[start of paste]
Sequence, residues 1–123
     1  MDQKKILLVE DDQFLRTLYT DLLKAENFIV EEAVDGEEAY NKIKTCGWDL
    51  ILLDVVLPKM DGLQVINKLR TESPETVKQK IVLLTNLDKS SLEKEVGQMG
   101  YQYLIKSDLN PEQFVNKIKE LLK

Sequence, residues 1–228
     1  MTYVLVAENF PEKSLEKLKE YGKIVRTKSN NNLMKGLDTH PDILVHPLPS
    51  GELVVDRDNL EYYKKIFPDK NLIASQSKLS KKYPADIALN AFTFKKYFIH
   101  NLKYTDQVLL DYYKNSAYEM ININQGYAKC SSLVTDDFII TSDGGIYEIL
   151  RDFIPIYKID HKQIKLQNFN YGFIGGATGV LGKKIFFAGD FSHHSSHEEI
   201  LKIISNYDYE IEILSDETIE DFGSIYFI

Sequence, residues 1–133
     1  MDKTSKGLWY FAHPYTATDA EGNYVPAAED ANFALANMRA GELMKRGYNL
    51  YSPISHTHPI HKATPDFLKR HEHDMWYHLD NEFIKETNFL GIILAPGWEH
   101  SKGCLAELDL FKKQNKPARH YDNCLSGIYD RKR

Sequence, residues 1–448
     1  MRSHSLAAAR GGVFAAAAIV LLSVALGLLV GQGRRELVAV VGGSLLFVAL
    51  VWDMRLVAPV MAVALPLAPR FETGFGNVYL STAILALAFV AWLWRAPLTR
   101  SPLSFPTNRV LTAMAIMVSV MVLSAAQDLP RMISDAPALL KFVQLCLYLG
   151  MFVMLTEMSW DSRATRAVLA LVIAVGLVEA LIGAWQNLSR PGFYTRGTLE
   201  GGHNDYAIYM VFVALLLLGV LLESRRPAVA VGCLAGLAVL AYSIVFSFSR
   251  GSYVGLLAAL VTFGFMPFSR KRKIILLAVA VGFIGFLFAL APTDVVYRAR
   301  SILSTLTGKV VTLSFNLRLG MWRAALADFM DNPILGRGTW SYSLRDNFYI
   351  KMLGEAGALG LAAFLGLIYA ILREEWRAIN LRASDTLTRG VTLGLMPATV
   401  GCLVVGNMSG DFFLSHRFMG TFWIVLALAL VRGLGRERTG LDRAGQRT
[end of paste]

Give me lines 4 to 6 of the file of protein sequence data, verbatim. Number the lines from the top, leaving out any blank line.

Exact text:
   101  YQYLIKSDLN PEQFVNKIKE LLK

Sequence, residues 1–228
     1  MTYVLVAENF PEKSLEKLKE YGKIVRTKSN NNLMKGLDTH PDILVHPLPS